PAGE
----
Today that tradition is carried on by the women still supporting the TACAMO mission.

Brooke Desrochers is a retired TACAMO naval flight officer who said she was inspired by the TACAMO women who came before her. She now supports PMA-271 as a senior integration program analyst working with the TACAMO Mission Aircraft Transition Team developing the new E-XX aircraft. She served over 20 years on active duty, including a year as commanding officer of Fleet Air Reconnaissance Squadron 4 (VQ-4).

“TACAMO was one of the first communities that women were eligible to serve in as the Department of Defense integrated women into their ranks. Accordingly, our community was buoyed up by a bow wave of female representation,” said Desrochers. “It was so encouraging to me as a junior officer to see the high number of female flag officers who started their careers in Fleet Air Reconnaissance Squadrons 3 and 4, and I have personally benefited from the mentorship of our most recent greats, Rear Adm. “Peg” Klein and Capt. Heather Cole.”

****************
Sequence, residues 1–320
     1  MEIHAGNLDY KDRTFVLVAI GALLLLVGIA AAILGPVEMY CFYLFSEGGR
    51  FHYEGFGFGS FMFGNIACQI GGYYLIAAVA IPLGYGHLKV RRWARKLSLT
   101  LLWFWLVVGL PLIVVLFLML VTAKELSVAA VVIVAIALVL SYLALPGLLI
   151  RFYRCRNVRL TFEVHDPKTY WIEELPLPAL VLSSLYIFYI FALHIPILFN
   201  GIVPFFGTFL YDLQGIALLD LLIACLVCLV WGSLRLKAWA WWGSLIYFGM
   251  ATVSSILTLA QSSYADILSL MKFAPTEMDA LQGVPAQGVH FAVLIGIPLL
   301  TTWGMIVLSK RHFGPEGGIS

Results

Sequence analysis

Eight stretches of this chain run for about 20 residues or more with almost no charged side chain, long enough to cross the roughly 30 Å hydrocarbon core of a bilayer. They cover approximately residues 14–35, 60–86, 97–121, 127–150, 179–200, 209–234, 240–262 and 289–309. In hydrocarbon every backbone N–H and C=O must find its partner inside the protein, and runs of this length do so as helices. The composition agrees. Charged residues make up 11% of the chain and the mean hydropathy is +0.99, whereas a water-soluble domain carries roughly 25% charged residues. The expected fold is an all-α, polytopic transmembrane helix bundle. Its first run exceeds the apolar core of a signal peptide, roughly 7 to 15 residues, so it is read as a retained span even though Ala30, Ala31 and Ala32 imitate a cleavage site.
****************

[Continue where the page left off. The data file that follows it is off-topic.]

Tullos served 20 years on Navy active duty, including multiple TACAMO tours. She continued serving the community after retirement as part of the PMA-271 Aircraft Systems Team from 2012-2017. She returned this year after a stint as Cost Transformation Lead for the Naval Sustainment System-Aviation.

Now she’ll help shape the future of the TACAMO mission as she leads the E-XX Team as one of two deputy program managers.

“TACAMO is a family and I have a vested interest in its future,” said Tullos. “It’s a humbling experience to be able to work with such an incredible team and be involved in such an exciting time. It’s also a daunting experience because I want to ensure that we get the right solution for the warfighter.”